New SEC private funds rules will create new burdens and uncertainty for managers, writes George Mazin an independent US based consultant at Paradigm Governance Partners
On August 23, 2023, the US Securities and Exchange Commission (SEC), adopted new rules (the Final Rules) regarding the regulation of private fund advisors. The adoption follows a protracted period of more than 18 months in which the Commission evaluated multiple comments submitted in response to the original rule proposal filed on February 9, 2022.
In its press release, the SEC announced that the Final Rules are designed to protect private fund investors by increasing transparency, competition and efficiency in the private funds market. In its adopting release, the SEC noted that the Final Rules are designed to protect investors who directly or indirectly invest in private funds by increasing visibility into certain practices involving compensation schemes, sales practices, and conflicts of interest through disclosure; establishing requirements to address such practices that have the potential to lead to investor harm; and restricting practices that are contrary to the public interest and the protection of investors.
The adoption of the Final Rules reflects another incremental change in the regulation of private funds and their advisers by bringing the regulation of private funds in the United States closer to the more highly regulated regime in place for the regulation of mutual funds, which are generally marketed to retail investors.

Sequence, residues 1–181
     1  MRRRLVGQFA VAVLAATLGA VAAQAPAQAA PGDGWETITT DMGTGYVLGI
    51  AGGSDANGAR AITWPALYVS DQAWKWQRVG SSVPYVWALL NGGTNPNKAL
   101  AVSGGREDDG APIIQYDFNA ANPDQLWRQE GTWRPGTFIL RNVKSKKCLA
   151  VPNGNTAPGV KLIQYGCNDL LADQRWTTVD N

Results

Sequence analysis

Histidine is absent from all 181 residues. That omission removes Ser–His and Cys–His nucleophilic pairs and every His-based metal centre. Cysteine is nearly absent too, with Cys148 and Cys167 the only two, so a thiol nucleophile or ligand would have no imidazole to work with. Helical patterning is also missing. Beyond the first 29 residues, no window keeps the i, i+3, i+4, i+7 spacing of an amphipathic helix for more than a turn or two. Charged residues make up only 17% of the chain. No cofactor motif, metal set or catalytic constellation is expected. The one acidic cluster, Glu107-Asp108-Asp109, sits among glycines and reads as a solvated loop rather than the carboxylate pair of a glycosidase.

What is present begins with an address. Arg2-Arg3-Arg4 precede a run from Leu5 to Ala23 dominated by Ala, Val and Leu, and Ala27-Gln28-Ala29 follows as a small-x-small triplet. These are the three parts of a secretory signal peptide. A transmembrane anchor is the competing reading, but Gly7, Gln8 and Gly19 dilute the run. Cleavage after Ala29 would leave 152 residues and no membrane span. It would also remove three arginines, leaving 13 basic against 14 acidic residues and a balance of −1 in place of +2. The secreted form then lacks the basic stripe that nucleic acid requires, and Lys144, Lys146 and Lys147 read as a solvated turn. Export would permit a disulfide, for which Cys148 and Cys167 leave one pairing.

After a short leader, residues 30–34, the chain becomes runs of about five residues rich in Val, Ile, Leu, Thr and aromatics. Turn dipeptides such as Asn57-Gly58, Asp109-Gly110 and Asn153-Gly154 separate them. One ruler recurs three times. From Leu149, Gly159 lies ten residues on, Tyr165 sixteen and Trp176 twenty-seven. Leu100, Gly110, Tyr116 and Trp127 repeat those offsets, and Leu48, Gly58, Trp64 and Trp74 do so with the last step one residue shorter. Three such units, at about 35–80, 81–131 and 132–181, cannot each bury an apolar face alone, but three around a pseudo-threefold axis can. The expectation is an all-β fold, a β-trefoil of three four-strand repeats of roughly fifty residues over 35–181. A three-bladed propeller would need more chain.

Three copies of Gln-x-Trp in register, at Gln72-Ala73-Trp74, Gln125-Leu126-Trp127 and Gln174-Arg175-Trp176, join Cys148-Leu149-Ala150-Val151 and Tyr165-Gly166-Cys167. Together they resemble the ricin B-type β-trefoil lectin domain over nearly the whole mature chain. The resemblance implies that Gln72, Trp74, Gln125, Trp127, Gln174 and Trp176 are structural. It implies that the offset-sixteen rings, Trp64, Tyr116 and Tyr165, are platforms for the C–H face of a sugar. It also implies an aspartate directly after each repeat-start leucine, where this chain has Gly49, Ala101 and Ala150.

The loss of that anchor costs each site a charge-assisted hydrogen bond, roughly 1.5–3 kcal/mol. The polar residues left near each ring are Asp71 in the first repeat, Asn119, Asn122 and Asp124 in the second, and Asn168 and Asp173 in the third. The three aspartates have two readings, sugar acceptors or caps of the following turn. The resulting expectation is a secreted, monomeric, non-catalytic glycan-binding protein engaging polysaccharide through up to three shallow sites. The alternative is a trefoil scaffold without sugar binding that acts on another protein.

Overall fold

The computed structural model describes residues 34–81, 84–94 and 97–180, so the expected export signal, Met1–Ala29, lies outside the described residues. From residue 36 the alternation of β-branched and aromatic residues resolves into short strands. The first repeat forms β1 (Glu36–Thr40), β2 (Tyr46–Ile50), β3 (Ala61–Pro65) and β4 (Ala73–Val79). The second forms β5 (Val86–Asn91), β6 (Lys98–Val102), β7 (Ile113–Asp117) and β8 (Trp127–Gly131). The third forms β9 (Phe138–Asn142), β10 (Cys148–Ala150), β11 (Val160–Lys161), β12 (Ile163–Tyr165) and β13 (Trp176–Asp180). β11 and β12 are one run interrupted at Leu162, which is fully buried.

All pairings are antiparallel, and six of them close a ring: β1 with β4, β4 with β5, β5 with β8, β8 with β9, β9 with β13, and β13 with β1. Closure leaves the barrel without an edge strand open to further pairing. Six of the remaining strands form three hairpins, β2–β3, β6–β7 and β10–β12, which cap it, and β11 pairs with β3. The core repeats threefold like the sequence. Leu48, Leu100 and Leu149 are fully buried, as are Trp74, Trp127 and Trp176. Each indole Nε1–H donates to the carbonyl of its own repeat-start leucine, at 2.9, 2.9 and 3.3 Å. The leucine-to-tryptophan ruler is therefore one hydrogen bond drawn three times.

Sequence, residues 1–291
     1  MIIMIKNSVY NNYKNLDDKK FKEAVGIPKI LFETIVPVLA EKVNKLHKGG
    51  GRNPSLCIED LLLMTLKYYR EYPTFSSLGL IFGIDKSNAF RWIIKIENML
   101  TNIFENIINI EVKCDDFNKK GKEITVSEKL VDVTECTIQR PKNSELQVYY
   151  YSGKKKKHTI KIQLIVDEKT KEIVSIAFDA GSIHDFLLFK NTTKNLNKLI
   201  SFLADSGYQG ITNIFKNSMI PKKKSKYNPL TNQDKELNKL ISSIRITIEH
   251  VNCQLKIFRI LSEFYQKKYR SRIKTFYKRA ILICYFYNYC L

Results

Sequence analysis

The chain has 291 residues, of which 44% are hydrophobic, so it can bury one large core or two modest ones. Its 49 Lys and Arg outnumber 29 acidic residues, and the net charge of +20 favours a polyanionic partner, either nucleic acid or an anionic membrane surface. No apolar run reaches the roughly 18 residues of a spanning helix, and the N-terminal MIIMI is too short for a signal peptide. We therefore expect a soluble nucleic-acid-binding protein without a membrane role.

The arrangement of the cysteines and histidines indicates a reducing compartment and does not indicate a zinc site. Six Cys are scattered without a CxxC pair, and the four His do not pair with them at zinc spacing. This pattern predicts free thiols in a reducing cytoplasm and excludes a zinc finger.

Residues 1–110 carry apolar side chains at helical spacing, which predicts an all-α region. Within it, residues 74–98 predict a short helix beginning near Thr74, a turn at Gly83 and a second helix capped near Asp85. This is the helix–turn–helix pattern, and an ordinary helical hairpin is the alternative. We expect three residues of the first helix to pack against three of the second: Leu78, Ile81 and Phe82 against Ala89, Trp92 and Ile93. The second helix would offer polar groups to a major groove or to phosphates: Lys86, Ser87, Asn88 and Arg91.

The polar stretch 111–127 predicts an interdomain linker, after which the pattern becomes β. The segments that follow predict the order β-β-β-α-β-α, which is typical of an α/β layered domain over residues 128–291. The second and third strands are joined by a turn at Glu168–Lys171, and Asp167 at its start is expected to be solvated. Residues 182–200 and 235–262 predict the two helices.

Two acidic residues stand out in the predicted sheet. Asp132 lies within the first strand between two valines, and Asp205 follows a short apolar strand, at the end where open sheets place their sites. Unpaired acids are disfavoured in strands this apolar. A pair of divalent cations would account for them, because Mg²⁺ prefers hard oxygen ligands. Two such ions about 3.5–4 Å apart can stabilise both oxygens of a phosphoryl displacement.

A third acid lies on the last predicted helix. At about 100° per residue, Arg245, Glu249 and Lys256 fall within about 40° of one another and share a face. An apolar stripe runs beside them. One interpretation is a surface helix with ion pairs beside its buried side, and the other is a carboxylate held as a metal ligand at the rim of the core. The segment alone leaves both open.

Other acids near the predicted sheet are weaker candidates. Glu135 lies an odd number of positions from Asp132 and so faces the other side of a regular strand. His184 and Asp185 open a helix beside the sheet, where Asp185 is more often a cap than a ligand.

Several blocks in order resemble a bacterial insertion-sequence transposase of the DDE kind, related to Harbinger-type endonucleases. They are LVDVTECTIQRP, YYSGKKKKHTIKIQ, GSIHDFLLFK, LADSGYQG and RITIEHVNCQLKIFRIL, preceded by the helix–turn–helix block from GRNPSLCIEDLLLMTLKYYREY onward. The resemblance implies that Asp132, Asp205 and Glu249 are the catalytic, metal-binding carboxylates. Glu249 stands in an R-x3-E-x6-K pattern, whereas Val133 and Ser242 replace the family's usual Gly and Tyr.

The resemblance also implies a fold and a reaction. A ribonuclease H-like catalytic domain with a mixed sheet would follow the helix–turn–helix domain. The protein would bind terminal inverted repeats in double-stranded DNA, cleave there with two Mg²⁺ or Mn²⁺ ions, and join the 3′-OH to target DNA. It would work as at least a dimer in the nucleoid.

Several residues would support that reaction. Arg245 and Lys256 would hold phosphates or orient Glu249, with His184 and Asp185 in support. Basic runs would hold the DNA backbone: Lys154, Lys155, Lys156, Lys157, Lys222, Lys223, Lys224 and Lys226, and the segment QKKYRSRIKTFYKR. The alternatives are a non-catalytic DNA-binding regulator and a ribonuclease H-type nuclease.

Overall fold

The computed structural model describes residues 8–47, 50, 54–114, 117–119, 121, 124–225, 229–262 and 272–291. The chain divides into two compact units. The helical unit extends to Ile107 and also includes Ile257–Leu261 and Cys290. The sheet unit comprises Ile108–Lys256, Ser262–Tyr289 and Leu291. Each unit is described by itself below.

Importantly, the Final Rules incorporate significant changes from the original proposal and reflect the Commission’s response to the significant number of comments received in opposition to the Rules, as well as the impact of intense lobbying by private fund participants. The original Rule Proposal included a number of prescriptive provisions which would have prohibited advisers to private funds from engaging in a variety of practices. For example, the original Proposed Rule would have imposed a flat prohibition on providing preferential redemption terms to an investor or providing greater portfolio transparency.
In the Final Rules, such preferential terms are not prohibited, but the same terms must be offered to all other investors. While the Final Rules continue to attract significant opposition from the industry, the SEC has modified a number of the proposed prescriptive provisions and replaced them with a more traditional approach, which mandates detailed disclosure to investors, and in some cases, the obtaining the consent of investors.
This approach is more consistent with the manner in which private funds in the United States have historically been regulated. Based on the requirement that that private funds can only be marketed to sophisticated investors, who can make their own investment decisions in evaluating the merits and risks of the investment and can afford to bear the loss of their investment, the regime requires detailed and accurate disclosure to prospective and current investors and, in some cases, investor consent.
Notwithstanding these changes, significant opposition persists and on September 1, 2023, a coalition of six trade associations filed a lawsuit with the Federal Court of Appeals in the Fifth Circuit challenging the validity and enforceability of the Final Rules. The Petition asserts that the Final Rules “exceed the Commission’s statutory authority, were adopted without compliance with notice and comment requirements, and are otherwise arbitrary, capricious, an abuse of discretion, and contrary to law”.
At this early stage, it is unclear whether the filing will pause the Rules’ transition periods, or otherwise delay their compliance dates. Any such stay could occur by court order, if requested by any of the parties, or by SEC action. Interestingly, the Petition was filed in the Fifth Circuit, which includes Texas and other southern states, a judicial district that has been more friendly to challenges to federal regulations, compared to the DC Circuit.
Applicability of the Rules